Tuesday, March 28, 2006

IRS to Allow Tax Preparers to Sell Returns!

Philadelphia Inquirer | 03/21/2006 | IRS plans to allow preparers to sell data. This is without a doubt the most offensive idea to emerge in the financial privacy arena since CardSystems lost 40 million consumers' information in mid June of last year.

The IRS is considering a rules change that would allow our most trusted financial advisors to sell entire tax returns of consumers to marketers and data brokers! This would not only be a serious ethical violation and breach of trust by tax preparers, but may entirely undermine taxpayers trust in the tax systems in the US.

This rules change is apparently proposed at the behest of Congressman Ed Markey of Illinois who raised privacy concerns when it was discovered that some tax preparers were outsourcing tax preparation online to India and other countries without privacy protections. It was supposedly to prevent the loss of financial information to identity thieves. How ironic that the rule change was proposed as a privacy protection, when it allows outright sale of tax returns to marketers and data brokers.

While so-called notification and consent by taxpayers is required to allow this sale of information - can you imagine anyone questioning their accountant about why he is asking them to sign papers following tax return preparation? Most of us put full trust in our tax preparers, accountants and financial advisors when asked to sign documents. (I don't condone this, it's just the way we operate - every person should ALWAYS read EVERY document they sign and UNDERSTAND it before signing.)

If those professionals suffer even a momentary flash of reduced ethical and moral standards during that brief signing - they may choose not to disclose what we are signing and count on us to either ask pointedly what we are signing or that we read large sheafs of prepared documents to find out that we are about to sign away our financial privacy along with signing our tax returns.

By now we should all be painfully aware of the endless stream of data breaches, hacks, and dozens of cases of ineptitude by data brokers and handlers of private personal financial information.

This issue has somehow escaped much public notice since it was first proposed by the IRS on December 7, 2005. Here is the official government notice of the proposed IRS Rule Change allowing the sale of tax return data by tax preparers (38 page PDF file). The Philadelphia Inquirer broke the story and posted the following notice at the end of that piece:

It's too late to comment electronically, but the IRS may still consider written comments:

Mail comments to:

CC:PA:LPD:PR (REG-137243-02)
Room 5203
Internal Revenue Service, Box 7604
Ben Franklin Station, Washington, D.C. 20044.
This is so patently offensive that it is difficult to comprehend. I want to know who convinced the IRS rulemakers to slip this proposal in so quietly. Did Congressman Markey have a hand in the rule language or was that a back room deal between the Bush Administration and ChoicePoint? I find it hard to fathom that it was a lobbyist for beancounters who make their living by doing taxes for median income families. I don't think it is likely to have been Ernst & Young looking for extra little profit centers they might exploit in their corporate client tax filings.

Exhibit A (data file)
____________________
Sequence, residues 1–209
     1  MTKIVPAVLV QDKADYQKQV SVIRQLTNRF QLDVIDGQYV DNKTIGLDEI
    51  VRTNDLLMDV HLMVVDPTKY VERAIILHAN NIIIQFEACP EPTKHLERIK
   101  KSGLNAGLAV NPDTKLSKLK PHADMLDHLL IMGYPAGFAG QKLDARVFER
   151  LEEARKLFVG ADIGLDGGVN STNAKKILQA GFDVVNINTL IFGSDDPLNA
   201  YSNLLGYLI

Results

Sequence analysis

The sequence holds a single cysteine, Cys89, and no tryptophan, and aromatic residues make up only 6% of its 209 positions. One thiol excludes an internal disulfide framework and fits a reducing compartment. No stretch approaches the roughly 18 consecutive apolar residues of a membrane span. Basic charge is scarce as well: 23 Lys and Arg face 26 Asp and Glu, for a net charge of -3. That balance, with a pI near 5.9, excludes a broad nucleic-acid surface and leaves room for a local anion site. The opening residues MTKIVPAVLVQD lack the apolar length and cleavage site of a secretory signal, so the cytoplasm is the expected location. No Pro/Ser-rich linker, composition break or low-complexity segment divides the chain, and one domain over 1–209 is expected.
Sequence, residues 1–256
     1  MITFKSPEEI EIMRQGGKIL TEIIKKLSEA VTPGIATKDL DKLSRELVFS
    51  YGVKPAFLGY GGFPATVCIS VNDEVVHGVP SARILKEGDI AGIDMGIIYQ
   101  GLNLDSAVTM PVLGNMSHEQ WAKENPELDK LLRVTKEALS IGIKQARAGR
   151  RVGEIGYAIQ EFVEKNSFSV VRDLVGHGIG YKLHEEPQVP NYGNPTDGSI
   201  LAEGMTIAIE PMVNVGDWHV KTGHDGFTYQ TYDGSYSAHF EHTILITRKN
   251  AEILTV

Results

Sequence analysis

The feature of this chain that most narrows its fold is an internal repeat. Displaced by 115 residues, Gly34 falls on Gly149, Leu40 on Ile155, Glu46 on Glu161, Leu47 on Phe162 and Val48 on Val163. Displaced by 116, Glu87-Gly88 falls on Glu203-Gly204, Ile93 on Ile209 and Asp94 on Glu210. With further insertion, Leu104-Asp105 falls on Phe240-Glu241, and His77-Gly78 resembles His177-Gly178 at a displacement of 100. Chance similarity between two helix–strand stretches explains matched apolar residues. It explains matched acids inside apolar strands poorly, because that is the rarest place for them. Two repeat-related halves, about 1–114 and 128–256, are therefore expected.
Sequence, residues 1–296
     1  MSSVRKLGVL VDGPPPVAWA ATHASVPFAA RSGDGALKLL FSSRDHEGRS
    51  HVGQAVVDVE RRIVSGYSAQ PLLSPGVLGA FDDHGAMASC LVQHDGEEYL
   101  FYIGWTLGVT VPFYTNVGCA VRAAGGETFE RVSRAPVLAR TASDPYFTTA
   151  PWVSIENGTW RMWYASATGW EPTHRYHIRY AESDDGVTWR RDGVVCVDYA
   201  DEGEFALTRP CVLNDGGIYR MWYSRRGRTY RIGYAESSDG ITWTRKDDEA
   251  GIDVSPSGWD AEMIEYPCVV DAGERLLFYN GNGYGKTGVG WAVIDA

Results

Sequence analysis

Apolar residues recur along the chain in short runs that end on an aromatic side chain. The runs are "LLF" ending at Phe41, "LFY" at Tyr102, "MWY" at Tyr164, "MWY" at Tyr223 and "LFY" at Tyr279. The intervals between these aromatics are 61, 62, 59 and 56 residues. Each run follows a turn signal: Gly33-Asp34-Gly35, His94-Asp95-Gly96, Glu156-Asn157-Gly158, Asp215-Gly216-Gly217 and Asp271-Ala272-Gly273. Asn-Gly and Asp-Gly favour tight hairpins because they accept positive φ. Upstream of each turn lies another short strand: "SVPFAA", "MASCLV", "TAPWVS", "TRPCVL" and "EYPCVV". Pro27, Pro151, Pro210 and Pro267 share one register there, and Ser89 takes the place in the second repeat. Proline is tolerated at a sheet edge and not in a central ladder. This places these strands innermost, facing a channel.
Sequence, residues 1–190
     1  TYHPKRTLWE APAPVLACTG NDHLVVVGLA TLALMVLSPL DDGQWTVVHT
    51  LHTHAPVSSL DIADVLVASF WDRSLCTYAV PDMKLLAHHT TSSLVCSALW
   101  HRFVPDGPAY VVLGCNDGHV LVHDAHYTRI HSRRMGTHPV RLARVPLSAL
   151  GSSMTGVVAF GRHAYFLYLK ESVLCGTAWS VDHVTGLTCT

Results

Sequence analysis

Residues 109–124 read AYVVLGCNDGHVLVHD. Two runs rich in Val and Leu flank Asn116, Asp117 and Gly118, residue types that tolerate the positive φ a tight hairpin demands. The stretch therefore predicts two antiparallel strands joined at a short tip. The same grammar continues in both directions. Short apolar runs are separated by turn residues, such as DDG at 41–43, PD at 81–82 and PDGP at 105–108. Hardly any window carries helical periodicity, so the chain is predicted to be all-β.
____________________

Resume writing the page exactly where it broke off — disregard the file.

Who would profit most from this? The data brokers and credit reporting agencies - just follow the money. Who wants access to broad swaths of taxpayer information? Those who don't currently have it yet - ChoicePoint, Experian, TransUnion, and dozens of subsidiary data brokers who currently don't have access to income (and spending) data directly.

Imagine the rich new income streams they'd see being able to sell information to marketers about our buying habits, food preferences, hotel choices, internet service providers, travel information, cell phone providers - all right there on our itemized deductions list.

A joint press release has been distributed by three separate consumer orgainizations calling for removal of launguage in the proposed rules that would allow for sale of information in taxpayer tax returns to third parties for purposes of selling "Subsidiary Services" to taxpayers. That broad language is the focus of concern.

Since many of us are on the current "Do Not Call" list and out of reach of telemarketing annoyance, you can bet your junkmail volume would increase dramatically after your spending habits are so well documented to marketing firms - right off of your tax forms, which they legally purchased!

If this were the only concern - it would be enough to rattle most Americans trust in our government. But it isn't the end of the story - we lose control over our financial data and risk identity theft on a grand scale once the information is in the hands of marketers. Just stop what you are doing and go write a letter to the IRS at the address above to demand that they stop this nonsense.

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posted by RealitySEO at 9:33 AM


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